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profile for blunders on Stack Exchange, a network of free, community-driven Q&A sites


Oct
27
awarded  Notable Question
Sep
24
awarded  Autobiographer
Sep
20
comment Self-contained software environment for authoring research papers
+1 My bad, thanks for replying.
Sep
18
comment Self-contained software environment for authoring research papers
When you're recommending a solution that you're affilated with it's required you disclose it. Also, unless I'm missing something, the tool you're referencing is not self-contained; think of Wikipedia being versioned with your tool, and if text is cited from Wikipedi that's updated, the author(s) get a ping and are able to view how other paper are using the source text too. Make sense? Thanks!
Apr
16
awarded  Popular Question
May
9
awarded  Citizen Patrol
Apr
11
revised Self-contained software environment for authoring research papers
added 1011 characters in body
Apr
10
comment Self-contained software environment for authoring research papers
@Joshua Drake: Might be helpful to add the why you believe that SE would be a fit. Based on the FAQs for Academia.SE - "This site is for academics of all levels—from aspiring graduate and professional students to senior researchers—as well as anyone in or interested in research-related or research-adjacent fields." -- I'd say no, since this question is about learning to write research papers. Thanks for the suggest though, and I'm open to any additional thoughts on the subject. Cheers!
Apr
6
comment Self-contained software environment for authoring research papers
+1 @Lauren Ipsum: Agree, and I've added that info. I somehow missed stating that directly in the question. Thanks!
Apr
6
revised Self-contained software environment for authoring research papers
added 64 characters in body
Apr
6
comment Self-contained software environment for authoring research papers
@Lauren Ipsum: The idea is for the "in house" sources, such as a clone of Wikipedia, to be "big enough" to do a number of research papers. Point of the platform is to make it very easy to learn to write a research paper; the text-only version of Wikipedia is just a few gigs I believe. Point of it being static is to keep it simple. For example, the basic verse would have you copy-n-paste the main ideas from the text, you'd rephrase the copy, and the system would automatically embed the citation in the correct form. And yes, the point of this basic education, not professional writing.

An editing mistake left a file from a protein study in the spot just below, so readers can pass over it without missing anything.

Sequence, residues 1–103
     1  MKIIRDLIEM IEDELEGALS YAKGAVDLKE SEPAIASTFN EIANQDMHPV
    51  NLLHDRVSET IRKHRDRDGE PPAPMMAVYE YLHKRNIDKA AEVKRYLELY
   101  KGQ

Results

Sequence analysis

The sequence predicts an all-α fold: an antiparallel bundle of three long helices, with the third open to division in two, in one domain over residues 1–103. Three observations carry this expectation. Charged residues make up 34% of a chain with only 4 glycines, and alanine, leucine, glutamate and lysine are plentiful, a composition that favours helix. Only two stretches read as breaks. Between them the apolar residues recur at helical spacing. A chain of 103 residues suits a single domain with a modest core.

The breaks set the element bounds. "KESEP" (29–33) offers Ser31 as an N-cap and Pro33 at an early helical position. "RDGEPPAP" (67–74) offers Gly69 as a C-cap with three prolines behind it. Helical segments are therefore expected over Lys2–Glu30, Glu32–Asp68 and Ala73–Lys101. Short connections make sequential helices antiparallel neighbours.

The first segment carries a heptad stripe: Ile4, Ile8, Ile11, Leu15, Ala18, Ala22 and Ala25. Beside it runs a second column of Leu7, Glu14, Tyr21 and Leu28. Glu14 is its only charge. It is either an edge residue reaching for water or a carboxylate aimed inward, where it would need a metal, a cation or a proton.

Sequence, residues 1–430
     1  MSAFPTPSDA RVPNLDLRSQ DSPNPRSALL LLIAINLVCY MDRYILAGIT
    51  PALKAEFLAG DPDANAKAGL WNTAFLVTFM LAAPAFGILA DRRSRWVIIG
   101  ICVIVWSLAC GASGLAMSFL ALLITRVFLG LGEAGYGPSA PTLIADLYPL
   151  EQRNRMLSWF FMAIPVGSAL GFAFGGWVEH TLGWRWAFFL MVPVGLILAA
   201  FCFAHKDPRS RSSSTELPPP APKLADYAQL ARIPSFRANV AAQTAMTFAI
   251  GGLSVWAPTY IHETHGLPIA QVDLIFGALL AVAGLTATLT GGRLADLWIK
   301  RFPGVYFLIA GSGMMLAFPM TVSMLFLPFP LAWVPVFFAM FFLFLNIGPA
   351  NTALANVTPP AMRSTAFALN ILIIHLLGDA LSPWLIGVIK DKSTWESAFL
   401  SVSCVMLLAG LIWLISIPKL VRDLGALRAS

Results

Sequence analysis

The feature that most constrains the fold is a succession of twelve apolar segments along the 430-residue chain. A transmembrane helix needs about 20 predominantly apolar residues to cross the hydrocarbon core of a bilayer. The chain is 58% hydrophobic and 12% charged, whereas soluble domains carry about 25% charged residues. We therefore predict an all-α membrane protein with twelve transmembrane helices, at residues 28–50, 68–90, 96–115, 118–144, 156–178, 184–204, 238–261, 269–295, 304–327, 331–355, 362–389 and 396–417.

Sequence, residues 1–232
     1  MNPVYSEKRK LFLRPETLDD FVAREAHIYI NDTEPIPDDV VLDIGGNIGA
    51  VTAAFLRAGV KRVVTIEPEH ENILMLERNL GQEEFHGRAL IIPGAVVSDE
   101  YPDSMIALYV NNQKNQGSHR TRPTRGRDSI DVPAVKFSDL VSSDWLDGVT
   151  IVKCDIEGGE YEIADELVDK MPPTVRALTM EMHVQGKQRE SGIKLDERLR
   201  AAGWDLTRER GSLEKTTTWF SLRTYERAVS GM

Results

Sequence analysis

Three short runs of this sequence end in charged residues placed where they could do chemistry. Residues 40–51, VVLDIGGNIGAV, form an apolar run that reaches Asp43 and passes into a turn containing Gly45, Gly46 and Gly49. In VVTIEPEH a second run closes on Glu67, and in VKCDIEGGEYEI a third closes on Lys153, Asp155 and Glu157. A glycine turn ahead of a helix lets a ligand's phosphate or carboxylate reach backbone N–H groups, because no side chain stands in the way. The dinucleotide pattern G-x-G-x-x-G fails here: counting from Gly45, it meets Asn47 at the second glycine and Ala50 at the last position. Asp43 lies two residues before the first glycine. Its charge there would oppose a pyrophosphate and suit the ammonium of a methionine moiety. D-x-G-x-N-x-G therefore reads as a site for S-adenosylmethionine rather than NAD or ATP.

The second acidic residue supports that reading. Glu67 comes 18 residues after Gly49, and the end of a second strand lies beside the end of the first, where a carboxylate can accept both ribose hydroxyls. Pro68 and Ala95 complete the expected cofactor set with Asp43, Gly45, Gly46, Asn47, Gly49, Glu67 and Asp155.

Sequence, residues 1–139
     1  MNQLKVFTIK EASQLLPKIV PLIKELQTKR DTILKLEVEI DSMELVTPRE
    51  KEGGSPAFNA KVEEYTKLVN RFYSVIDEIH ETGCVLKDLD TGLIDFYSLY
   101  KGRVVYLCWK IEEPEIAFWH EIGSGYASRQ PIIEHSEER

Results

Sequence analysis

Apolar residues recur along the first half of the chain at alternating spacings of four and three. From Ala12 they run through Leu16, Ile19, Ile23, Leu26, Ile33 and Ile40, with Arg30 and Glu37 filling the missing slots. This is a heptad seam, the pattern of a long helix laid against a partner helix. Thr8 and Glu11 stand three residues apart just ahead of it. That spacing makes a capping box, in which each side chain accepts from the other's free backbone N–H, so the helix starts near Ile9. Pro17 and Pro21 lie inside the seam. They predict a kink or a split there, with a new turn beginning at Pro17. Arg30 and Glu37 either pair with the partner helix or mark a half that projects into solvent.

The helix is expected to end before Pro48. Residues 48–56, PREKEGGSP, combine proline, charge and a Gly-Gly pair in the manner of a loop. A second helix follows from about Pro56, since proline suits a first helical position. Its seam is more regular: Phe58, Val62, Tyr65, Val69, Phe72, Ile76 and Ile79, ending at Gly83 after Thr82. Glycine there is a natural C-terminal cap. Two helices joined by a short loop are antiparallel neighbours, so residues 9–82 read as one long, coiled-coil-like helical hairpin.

Apr
6
asked Self-contained software environment for authoring research papers
Dec
17
accepted State of the art proof reading tools/methods
Dec
17
comment State of the art proof reading tools/methods
Not a big deal, other item of interest I tried in the past that didn't help, though was interesting was a speed reading system that displayed only a set number of words at a time, though it didn't increase the rate or volume of of errors I'd find; think in fact I was finding less errors.
Dec
17
comment State of the art proof reading tools/methods
Guess I asked in part to make sure there had not been a leap in NLP related to proof reading that I was not aware of. I've tried the e-reader idea before, clearly not a great place to be editing text, and I try to print as little out as possible; though years ago I would and it was a huge waste. Thanks for the feedback though, asked in part just to confirm there nothing of note I haven't tried before.
Dec
17
comment State of the art proof reading tools/methods
+1 @Kate Sherwood: Beyond MS-Word, which I've found to be more confusing than of use, I've tried WhiteSmoke, which was not as you might expect a huge leap better than MS-Word; spelling wise Google is 100x better than MS-Word. As I stated in the question, text-to-voice is in fact one of the few ways I do find of use. I've thought of, and tried to log common errors, but there really does not appear to be a 20/80 pattern to them and managing/referencing them after a short amount of time becomes more overhead than it's worth.
Dec
16
asked State of the art proof reading tools/methods
Jun
4
comment Example of a fictional story without any characters (the story being 1000+ words)
+1 @Standback: Yes, as Ralph Gallagher's answer points to, the nebulous characters you're referring to never develop, and are remain in the background. In a way, I now see more degrees to which characters exist now. Your description of characters being beyond the focus of the story makes sense.
Jun
4
comment Example of a fictional story without any characters (the story being 1000+ words)
Yes, it does make sense, though it points to something I hadn't seen before, that being regardless if the story has characters, or not, there is always at least one person in the story; meaning while third-person narration excludes the existence of the narrator from existing as a character in the story, it does not mean they don't exist; or that least that's my take.
Jun
4
comment Example of a fictional story without any characters (the story being 1000+ words)
+1 @Lauren Ipsum: Related, but different I believe. René Magritte's painting "The Treachery of Images" has a subject, just not the subject one might think it is.